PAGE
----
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Supreme leader's ruling signals rift in Iran hierarchy

The Baltimore Sun

TEHRAN, Iran -- Iran watchers sought to make sense yesterday of a spat between the conservative speaker of parliament and the country's hard-line president over a budgetary issue that found Supreme Leader Ali Khamenei issuing a rare but opaque opinion.

The incident was the latest sign of discord with the Islamic Republic's byzantine ruling system, which combines elements of a democratically elected republic with a theocracy headed by Shiite Muslim clerics, with Khamenei over both.

Parliament Speaker Gholam Ali Haddad-Adel read yesterday from the text of the supreme leader's opinion, which the lawmaker said backed his position in a dispute with President Mahmoud Ahmadinejad.

"The implementation of all bills that follow constitutional channels is mandatory for all branches of the state," the statement read.

Some analysts and news reports described the statement as a slap at Ahmadinejad and his camp by Khamenei ahead of parliamentary elections March 14.

But others sharply disagreed.

"It's a dispute within the government because Ahmadinejad's been unable to deliver" on the economy, said Bijan Bidabadi, an economist and consultant. "This has nothing to do with the supreme leader."

A rift has emerged among conservatives, who worry about how they will fare in the upcoming vote in light of Ahmadinejad's poor economic performance, said another analyst.

"It shows that among the hard-liners, the gap is widening," said Saeed Allah-Bedashti, a politician close to the camp of the liberal-minded former President Mohammed Khatami. "But the gap is between Haddad-Adel and Ahmadinejad, not between the supreme leader and Ahmadinejad."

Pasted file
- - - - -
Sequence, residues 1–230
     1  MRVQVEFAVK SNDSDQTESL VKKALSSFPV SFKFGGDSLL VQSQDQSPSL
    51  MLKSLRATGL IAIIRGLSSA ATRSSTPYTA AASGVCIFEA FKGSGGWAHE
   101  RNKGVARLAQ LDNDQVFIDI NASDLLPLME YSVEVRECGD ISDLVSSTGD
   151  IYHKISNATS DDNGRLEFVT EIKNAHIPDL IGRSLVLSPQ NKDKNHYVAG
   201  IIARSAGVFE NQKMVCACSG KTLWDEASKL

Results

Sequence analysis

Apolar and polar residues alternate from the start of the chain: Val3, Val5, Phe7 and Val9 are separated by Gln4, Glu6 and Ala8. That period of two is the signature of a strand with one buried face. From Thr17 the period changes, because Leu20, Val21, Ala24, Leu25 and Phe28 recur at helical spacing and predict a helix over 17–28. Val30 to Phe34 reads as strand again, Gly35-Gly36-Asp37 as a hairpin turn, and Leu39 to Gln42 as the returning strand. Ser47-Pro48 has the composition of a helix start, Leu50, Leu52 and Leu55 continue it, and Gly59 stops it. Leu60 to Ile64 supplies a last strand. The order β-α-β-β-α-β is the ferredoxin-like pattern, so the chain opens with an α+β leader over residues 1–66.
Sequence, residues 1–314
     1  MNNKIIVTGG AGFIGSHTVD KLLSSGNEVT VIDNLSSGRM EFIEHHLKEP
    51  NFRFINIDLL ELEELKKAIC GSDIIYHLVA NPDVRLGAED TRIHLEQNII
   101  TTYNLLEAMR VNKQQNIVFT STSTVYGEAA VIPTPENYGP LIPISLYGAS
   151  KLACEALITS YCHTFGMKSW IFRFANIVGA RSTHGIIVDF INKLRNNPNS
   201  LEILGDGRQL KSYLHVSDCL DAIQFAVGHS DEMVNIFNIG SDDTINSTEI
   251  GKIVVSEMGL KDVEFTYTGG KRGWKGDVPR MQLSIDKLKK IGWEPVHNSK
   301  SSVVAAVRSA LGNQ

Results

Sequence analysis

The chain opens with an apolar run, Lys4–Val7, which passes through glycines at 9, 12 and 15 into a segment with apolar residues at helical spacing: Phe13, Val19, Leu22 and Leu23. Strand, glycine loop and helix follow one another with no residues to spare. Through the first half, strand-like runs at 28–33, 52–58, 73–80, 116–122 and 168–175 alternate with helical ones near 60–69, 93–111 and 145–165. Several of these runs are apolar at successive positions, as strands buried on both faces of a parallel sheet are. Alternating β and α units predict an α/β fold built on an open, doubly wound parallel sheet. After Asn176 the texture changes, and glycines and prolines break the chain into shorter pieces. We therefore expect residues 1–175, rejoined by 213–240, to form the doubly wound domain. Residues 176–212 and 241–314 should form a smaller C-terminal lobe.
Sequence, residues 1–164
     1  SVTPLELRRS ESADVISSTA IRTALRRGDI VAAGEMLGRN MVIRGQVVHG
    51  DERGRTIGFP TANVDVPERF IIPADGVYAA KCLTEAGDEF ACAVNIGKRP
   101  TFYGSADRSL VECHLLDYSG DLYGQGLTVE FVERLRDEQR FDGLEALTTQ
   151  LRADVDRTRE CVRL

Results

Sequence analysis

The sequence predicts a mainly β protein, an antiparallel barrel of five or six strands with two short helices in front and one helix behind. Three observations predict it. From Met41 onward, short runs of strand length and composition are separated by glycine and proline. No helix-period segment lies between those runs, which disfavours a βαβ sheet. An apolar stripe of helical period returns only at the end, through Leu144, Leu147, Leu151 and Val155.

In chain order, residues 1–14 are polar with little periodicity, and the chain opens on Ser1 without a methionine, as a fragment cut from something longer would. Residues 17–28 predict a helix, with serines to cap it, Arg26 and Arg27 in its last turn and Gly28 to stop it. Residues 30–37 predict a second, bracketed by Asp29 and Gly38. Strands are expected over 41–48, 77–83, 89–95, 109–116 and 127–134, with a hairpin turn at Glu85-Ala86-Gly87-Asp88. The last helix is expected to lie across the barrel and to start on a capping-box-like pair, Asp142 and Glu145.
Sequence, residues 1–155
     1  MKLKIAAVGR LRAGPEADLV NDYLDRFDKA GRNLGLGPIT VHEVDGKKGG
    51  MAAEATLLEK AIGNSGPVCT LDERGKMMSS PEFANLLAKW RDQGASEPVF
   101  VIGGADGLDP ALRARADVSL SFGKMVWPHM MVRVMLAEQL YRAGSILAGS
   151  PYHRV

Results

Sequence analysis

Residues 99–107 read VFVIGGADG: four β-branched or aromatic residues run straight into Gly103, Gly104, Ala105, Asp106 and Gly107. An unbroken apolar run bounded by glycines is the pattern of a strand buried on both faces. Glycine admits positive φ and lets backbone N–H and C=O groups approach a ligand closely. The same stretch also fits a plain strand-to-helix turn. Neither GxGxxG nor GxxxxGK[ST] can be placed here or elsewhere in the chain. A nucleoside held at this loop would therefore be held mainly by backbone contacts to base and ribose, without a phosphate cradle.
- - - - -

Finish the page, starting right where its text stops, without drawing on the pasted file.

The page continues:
The world's fourth largest oil exporter, Iran and its state-dominated economy suffer from chronic unemployment estimated at up to 20 percent and an official inflation rate of 19 percent.

Monday's budgetary quarrel came amid an extraordinary cold snap across the Middle East that has depleted natural gas supplies and caused heating-supply shortages throughout Iran, especially in rural hamlets, which are the conservatives' base of support.

Iranian lawmakers voted to divert $1 billion to buy more natural gas. Ahmadinejad, apparently worried that pouring more cash into the economy would spur inflation, refused to implement the plan, calling parliament's decision unconstitutional.

Haddad-Adel turned to Khamenei, who issued an opinion that said all government branches must follow the constitution. Under Iran's legal system, laws are vetted by a committee of clerics called the Guardians Council, not the president. Disputes between parliament and the presidency must be mediated by the Expediency Council, which is led by Ayatollah Hashemi Rafsanjani - a powerful cleric and politician who leads a faction opposed to Ahmadinejad.

Some saw Khamenei's intervention as a rare public rebuke against Ahmadinejad, who has largely tried to disregard the parliament since he took office in 2005, sometimes implementing rules and dissolving agencies without seeking lawmakers' approval.

Others read the supreme leader's statement as an attempt to restore some balance between a weakened parliament increasingly worried by the government's lack of progress on the economy and a president who tries to rule by fiat, at least on the economy. Though Khamenei by and large has stood by the president publicly, he is under pressure from factions within Iran's ruling circle to rein him in, analysts in Tehran said.

The incident was also seen as parliament standing up for its rights - though cautiously.

"In the past three years, (Haddad-Adel) saw the mismanagement and did nothing about it," said Emad Afroogh, a member of parliament critical of Ahmadinejad. "Even here, instead of delivering on his own constitutional responsibilities, he utilizes the supreme leader."

Ramin Mostaghim and Borzou Daragahi write for the Los Angeles Times.

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